As the fall semester goes on and students’ workloads increase, Drake’s relatively new Religious Accommodation Policy is becoming increasingly useful to students. The policy allows students to request that any class absences due to religious holidays be excused.
The policy, which was passed by the Faculty Senate in December of 2020, states: “To ensure equity, Drake University will make a good faith effort to provide reasonable religious accommodations to students whose religious belief and practices conflict with an academic requirement unless such an accommodation would create an undue hardship on the university community.”
Jeremy Alport, a member of Drake Hillel, utilized this policy for both Rosh Hashanah, the Jewish New Year; and Yom Kippur, which is considered within Judaism to be the holiest day of the year.
“The experience that I’ve had with the policy is that you fill out a Qualtrics form with all of the information, and it automatically sends your teachers an email saying you’ll be absent due to the holiday,” Alport said. “Beforehand, you usually just had to talk with your teacher, and sometimes they would count it as excused, and sometimes they wouldn’t.”
Student Body President and former Equity and Inclusion Senator Morgan Coleman said the policy reflects “a general consideration for students of various faiths.”
“This policy strives to mitigate some of the harms created when students must choose between practicing their faith on a certain holiday or participating in a large campus event,” Coleman said. “It is so important for our religious communities on campus, especially those that have been historically marginalized, to be considered when events are being planned. That level of inclusion shouldn’t be an afterthought.”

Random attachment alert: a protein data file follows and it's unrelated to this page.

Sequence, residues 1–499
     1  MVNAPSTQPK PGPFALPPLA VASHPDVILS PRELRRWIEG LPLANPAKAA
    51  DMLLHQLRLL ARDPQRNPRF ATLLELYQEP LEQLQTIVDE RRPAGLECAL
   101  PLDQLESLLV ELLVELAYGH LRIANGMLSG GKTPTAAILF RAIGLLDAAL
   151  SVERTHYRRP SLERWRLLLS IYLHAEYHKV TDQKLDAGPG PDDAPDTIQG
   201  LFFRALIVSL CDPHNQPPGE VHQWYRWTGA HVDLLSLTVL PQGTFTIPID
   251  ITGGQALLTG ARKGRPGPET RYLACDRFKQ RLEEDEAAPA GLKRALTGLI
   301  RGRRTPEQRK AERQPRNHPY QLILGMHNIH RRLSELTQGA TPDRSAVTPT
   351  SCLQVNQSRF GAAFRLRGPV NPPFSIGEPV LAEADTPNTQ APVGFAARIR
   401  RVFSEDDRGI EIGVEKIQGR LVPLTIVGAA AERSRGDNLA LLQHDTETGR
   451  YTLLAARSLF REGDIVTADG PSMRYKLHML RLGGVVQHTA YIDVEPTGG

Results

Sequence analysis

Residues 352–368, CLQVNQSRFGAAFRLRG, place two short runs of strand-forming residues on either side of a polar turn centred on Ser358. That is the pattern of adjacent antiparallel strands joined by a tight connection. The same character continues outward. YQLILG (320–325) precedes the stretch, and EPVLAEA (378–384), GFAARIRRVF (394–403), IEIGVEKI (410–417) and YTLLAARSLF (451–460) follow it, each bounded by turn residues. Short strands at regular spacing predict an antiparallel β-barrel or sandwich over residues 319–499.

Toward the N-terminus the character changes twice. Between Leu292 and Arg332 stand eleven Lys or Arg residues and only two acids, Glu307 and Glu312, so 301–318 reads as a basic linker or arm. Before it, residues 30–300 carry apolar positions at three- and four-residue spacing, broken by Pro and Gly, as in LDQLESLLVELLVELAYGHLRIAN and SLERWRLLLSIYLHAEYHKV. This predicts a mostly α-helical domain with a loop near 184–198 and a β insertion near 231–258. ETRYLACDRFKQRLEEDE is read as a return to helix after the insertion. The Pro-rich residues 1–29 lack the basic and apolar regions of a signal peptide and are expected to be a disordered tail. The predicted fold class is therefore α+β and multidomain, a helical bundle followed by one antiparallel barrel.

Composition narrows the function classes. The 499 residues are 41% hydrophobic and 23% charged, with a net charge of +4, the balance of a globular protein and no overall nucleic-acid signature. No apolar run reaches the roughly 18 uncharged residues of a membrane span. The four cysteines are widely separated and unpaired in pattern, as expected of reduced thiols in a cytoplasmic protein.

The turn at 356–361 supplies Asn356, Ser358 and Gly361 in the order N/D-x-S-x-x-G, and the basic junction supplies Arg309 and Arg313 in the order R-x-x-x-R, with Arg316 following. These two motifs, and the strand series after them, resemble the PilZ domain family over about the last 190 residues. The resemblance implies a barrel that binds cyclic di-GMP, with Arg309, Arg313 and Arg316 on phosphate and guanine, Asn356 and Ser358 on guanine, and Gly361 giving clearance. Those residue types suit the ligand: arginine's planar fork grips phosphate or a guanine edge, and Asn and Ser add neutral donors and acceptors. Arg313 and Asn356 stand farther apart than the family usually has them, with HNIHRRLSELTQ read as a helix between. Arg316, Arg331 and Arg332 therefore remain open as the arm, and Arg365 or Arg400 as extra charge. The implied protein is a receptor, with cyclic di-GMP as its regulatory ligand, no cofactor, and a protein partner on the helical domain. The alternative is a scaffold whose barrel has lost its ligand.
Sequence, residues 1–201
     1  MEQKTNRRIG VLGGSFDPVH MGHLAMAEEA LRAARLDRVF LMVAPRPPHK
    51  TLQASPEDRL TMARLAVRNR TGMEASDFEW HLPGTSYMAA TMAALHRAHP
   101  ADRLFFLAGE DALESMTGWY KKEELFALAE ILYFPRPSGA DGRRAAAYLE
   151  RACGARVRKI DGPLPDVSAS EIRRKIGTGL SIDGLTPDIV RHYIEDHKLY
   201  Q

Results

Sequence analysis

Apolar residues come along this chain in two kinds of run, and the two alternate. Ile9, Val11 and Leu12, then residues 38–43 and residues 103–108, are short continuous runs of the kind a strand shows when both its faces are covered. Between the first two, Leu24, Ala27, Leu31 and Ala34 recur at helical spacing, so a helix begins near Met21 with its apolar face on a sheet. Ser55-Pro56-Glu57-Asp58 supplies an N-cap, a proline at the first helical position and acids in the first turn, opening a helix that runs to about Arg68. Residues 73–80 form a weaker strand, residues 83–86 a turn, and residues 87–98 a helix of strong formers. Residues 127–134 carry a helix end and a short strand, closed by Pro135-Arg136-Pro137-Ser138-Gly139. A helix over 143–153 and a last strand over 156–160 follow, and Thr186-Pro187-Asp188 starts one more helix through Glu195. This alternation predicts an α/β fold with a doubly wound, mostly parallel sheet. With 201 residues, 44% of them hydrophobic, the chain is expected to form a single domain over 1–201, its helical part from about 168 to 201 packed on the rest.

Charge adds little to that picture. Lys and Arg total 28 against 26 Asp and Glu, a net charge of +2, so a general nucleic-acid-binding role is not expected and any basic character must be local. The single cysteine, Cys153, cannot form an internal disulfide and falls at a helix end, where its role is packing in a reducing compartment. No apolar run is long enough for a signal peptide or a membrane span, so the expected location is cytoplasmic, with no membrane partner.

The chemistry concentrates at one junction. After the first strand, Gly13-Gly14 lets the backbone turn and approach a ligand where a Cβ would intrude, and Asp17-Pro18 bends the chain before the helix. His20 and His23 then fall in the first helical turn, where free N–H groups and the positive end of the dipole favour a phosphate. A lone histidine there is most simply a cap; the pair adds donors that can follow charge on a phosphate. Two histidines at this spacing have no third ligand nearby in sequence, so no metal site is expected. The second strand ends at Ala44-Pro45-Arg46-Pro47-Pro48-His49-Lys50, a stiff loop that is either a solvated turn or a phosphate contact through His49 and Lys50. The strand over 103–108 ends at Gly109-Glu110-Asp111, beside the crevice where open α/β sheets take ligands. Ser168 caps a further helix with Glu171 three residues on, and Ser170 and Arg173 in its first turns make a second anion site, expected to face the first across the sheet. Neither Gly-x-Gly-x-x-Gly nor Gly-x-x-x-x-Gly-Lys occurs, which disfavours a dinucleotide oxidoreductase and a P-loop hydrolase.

At the beginning of the semester, Drake’s Equity and Inclusion Director, Jennifer Harvey, sent out an email that included digital calendar events for Jewish holidays, providing students with an easy way to stay aware of dates where Jewish members of the Drake community might not be able to participate in events.
“In order to grow out campus awareness of the significance of Rosh Hashanah, Yom Kippur, and Passover, as well as to make our campus climate more inclusive and respectful of the many Jewish members of our community, we are pleased to offer you a link that will import into your Outlook calendar,” Harvey said in the email. “But also, the Office of Equity and Inclusion is working on creating a University-wide Outlook calendar that is inclusive of other major religious holidays. We plan to have this available for you sometime in the next several weeks.”
Alport said he saw the email as a sign that the administration is working to further support religious diversity on campus, but it’s “still a work-in-progress.”
“I didn’t see any Muslim holidays, or Buddhist holidays, or any other kind of holidays besides Christian and Jewish holidays [in the email], which made me concerned that now we’re still leaving out another section of the population that don’t have their holidays recognized either,” Alport said. “I think it’s good what they’re doing so far with the Jewish holidays, but I just think they need to continue to be transparent about it with everyone and I think open discussion about [the policy] will make it better for both the administration and students.”
Coleman said that continuing to work toward inclusion in the campus community is “extremely high on the priority list of the 35th session of Student Senate.”
“I believe that this policy is increasing the awareness that students have about various religious holidays and the needs of their communities during the academic year,” said Coleman. “By publicizing the list of religious holidays, we can only hope that organizations will be encouraged to be more considerate and inclusive in their programming efforts.”